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In the English Mishna Brurah they translate טשי"ך as chess. The Mishna Brurah brings the Marah Sasson who forbids it because there is no chachma. It is also mentioned in the Rama that it makes noise, and as far as I know chess does not involve noise? Also, the Aruch Hashulchan says the pieces hit each other, he also gives another name for the game (מייליסקע"ס, seems similar to kugalach) not sure if it translates as chess. The Magen Avraham gives yet another name for the game. So, which game does the Rama refer to?

A side point: The gemarah in Kesubas 61b names a game and Rashi calls it chess with the name אישקקי"ש. The common Hebrew name for chess today is שחמט.

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    @MoriDoweedhYa3gob, the name shachmat appears in many languages, all deriving ultimately from Persian/Farsi (or one of its ancestors, like Old Persian. I don't know how old Persian, or this word, is). English chess derives from Persian shah ("king"), the etymon of half of shachmat. I wouldn't be surprised if the Rama's tshich does, too, just based on how it looks, but that's a guess. – msh210 Aug 12 '13 at 5:19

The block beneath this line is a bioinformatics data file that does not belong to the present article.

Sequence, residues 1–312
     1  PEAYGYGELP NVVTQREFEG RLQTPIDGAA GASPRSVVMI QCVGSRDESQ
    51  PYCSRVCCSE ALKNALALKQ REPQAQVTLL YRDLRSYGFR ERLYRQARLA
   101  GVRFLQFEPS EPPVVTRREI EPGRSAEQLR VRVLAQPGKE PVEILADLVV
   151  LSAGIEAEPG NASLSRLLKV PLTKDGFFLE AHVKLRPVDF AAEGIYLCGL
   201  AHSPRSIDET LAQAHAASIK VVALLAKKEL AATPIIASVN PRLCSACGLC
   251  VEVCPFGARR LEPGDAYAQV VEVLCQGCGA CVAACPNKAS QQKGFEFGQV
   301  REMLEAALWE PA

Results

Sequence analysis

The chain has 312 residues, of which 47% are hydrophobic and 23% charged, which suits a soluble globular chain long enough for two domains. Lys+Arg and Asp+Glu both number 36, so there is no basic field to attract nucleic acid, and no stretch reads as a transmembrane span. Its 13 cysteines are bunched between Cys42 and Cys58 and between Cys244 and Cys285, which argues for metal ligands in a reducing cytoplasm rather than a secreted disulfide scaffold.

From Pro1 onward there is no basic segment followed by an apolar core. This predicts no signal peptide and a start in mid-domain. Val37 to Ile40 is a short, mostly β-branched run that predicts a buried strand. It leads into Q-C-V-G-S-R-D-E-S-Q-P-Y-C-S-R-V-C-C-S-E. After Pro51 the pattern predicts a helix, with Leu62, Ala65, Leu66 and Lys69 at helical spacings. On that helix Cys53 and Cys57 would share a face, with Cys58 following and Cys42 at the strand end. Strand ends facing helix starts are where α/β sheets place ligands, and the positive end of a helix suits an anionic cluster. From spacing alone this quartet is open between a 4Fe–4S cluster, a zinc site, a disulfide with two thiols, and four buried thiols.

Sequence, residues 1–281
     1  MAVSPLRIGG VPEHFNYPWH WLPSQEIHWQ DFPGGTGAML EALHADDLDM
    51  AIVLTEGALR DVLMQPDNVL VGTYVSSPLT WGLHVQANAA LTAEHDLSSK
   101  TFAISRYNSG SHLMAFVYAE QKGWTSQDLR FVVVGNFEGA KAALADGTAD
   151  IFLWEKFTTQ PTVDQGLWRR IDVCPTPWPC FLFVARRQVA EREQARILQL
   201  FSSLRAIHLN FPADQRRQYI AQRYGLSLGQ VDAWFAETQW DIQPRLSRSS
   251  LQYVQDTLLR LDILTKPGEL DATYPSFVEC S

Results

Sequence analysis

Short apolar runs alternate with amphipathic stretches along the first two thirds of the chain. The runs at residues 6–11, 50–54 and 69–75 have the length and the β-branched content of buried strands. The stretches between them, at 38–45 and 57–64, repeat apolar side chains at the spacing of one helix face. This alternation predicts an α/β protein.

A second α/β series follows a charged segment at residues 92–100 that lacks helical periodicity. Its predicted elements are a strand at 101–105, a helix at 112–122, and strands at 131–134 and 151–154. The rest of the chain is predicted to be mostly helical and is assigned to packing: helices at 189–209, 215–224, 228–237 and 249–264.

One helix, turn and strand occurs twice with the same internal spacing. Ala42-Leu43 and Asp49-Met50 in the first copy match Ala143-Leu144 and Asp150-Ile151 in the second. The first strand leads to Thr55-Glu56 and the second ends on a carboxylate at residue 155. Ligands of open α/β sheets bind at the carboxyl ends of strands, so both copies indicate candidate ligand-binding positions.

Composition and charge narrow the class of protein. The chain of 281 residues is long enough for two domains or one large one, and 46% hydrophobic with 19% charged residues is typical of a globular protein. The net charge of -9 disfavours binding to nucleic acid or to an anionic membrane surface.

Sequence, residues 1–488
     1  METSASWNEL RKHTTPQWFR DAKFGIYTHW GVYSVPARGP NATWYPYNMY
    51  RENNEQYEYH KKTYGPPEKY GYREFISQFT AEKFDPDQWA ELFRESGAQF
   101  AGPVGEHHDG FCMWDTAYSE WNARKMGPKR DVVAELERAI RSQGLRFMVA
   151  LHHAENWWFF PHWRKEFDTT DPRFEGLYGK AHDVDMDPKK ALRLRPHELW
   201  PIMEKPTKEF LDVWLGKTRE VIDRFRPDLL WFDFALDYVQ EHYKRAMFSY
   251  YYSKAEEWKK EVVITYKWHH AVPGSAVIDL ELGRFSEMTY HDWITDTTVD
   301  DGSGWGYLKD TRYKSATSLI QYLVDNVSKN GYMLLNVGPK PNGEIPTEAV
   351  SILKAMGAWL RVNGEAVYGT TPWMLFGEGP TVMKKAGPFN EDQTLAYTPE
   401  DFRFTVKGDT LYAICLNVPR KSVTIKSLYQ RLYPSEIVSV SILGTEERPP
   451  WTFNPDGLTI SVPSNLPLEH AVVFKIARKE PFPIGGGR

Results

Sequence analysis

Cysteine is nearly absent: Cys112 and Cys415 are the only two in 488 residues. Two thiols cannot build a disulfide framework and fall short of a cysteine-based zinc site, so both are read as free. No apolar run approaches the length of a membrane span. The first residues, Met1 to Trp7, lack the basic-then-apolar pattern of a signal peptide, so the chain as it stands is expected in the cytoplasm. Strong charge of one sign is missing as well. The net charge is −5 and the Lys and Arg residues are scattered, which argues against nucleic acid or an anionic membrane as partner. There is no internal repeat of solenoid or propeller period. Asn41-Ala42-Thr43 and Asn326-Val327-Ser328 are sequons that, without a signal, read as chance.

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    @MoriDoweedhYa3gob, SethJ, checkmate also comes from Persian and is cognate to other languages' shachmat. Check is from Persian shah. – msh210 Aug 12 '13 at 16:50
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    Your idea about kugelach is correct. It was historically played with טשי"ך bones (perhaps that's why the game is commonly called "jacks"). Several early acharonim discuss this bone in the context of hilchos t'reifos. Also, the term used by the Aruch HaShulchan sounds kind of like the Lithuanian for "malleolus of the ankle". – Fred Jan 15 '15 at 3:55
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    @user6591 I also considered בריקיקלי as a corruption of alquerque, but mention of bones points more to knucklebones. The S"G explicitly discusses chess ("שקאק") in a quote from the Or Zarua' later in אות ג. Apparently on this basis, the Magen Avraham (338:8) interprets טשי"ך as chess, although the Rama's mention of "עצמות שקורין טשי"ך" suggests (IMHO) he is citing the earlier part of the S"G about "העצמות שקורין בריקיקלי". Also, other early acharonim describe the טשי"ך as the astragalus bone. – Fred Jan 28 '15 at 6:40
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In the Dirshu Mishna Berura (based on the "Leshem") print, it is translated in a footnote as a game similar to "חמש אבנים" (lit. five stones) - when I was a kid it was called kuglach. It's similar to the game of jacks.

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